‘We want one Africa’ – protesters in Zambia, Nigeria, DRC react to xenophobia in S. Africa

In Nigeria, Zambia and the DRC incidents and protests have bubbled up in reaction to xenophobic violence in South Africa.
In Nigeria, Zambia and the DRC incidents and protests have bubbled up in reaction to xenophobic violence in South Africa.

Reprisals against South African targets spread to the Democratic Republic of Congo (DRC) on Thursday, following a wave of violence in South Africa against foreigners living and working there. Similar reprisals targeted South African businesses in Nigeria on Tuesday and Zambia on Wednesday.

Demonstrations and looting were reported in the DRC’s second-biggest city, Lubumbashi. Protesters threw stones at the South African consulate, and police dispersed crowds at South African-owned businesses.

The protests followed attacks in Johannesburg earlier in the week that left at least seven people dead and dozens of foreign-owned shops destroyed. It was the latest outbreak of resentment against foreigners from other African countries coming to work and open businesses in South Africa.

Violence at the South African consulate in Lubumbashi

Several Observers based in Lubumbashi, DRC, brought to our attention violent reprisals on October 5. Congolese police locked down South African shops including Mr Price and the fast food restaurant Chicken Inn.


One of our Observers, who wishes to remain anonymous, explains:

The protests this morning were quite spontaneous [Editor’s note: a peaceful march had been planned by several organisations]. I think President Tshisekedi’s decision to pull out of the World Economic Forum in South Africa gave some encouragement to protesters [editor’s note: Rwanda and Malawi have also pulled out of the forum].

The protesters were chanting ‘Enough is enough, we have to react’. The police quickly cordoned off areas and fired teargas to disperse the crowd around the Mr Price shop. The atmosphere was very hostile: the protesters didn’t want to be filmed attacking shops, and threatened those who wanted to film them.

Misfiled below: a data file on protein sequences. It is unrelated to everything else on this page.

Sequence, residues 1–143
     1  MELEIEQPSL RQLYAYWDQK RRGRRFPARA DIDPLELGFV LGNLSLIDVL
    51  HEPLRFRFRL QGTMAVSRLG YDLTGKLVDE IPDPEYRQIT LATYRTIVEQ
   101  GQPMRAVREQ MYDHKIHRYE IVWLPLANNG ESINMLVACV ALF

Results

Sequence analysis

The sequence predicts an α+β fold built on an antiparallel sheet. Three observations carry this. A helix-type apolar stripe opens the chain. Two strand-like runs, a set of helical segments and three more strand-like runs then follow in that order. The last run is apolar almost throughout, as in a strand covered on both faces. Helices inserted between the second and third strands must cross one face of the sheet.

Other photos and videos show protesters staging a sit-in in front of the South African consulate; some of them threw rocks at it.

Another call to action has been circulating on social media, promoting a similar protest on September 6 in the capital, Kinshasa.

‘If they feel like chasing foreigners from their country will solve their problems, that’s a lie’

On Wednesday, Zambian students took to the streets in response to the recent attacks on foreigners in South Africa. Shopping centres in the capital Lusaka shut their doors after reports that stores belonging to South African chains Shoprite and Pick’n’Pay had been looted. Hundreds of protesters made their way to the South African High Commission, where they burned the sign outside.

The FRANCE 24 Observers team spoke to Timothy (who requested not to use his full name), a Zambian undergraduate at the University of Zambia, who took part in the protest in Lusaka on Wednesday.

Video shot by Timothy, a Zambian student, on September 4, 2019, shows the sign outside the South African High Commission in Lusaka on fire during a protest over anti-foreigner violence in South Africa.


Yesterday, University of Zambia students were demonstrating against xenophobia. We went down the streets shouting, ‘Xenophobia must come to an end’. We went into malls but didn’t go into shops owned by South Africans. They were closed. They had their shutters down. Nothing was damaged, everything was left as it was. Then we marched to the embassy.

When we got there we asked the police to lower the South African flag. Then there was a misunderstanding between police and the students. That’s why the police fired some teargas. Nobody was injured, nobody was arrested. The demonstrations were peaceful.

Outside the South African embassy, a billboard was set on fire, but I’m not aware of any shop being looted or burned. For me, I feel that [any protesters who damaged property] went too far. Those properties cost a lot. As students, we should just be demonstrating to show that we’re not happy. I’m against any damage or violence. I’m not happy with it. That was wrong.

Students and everyone else are upset with what’s going on in South Africa. If our South African brothers stopped what they were doing then the kind of thing we were doing yesterday would not happen. We want one Africa. One people. We want to tell them, ‘Guys, we’re one Africa.’

All of our countries were colonised. We need to come together. If they feel like chasing foreigners from their country will solve their problems, that’s a lie.


The first of the reprisals happened in Nigeria

On September 3, people began to take out their anger, targeting South African businesses. In the neighbourhood of Jakande, a Shoprite supermarket, a South African chain, was looted.

The protesters also attacked motorists, as seen in the video below. But there have been no reports of violence directly targeting South African officials.

Some more peaceful protests also took place, like this Nigerian woman holding a sign which says ‘Tell South Africans to stop killing Nigerians’, in a Shoprite in Lagos.

Several politicians, including Nigerian president Muhammadu Buhari and the head of the African Union Commission Moussa Faki, expressed their concern about the xenophobic violence in South Africa. Cyril Ramaphosa, the president of South Africa, also condemned the violence, saying ‘There can be no justification for any South African to attack people from other countries.’

Article by Alexandre Capron (@alexcapron) and Peter O'Brien (@POB_journo).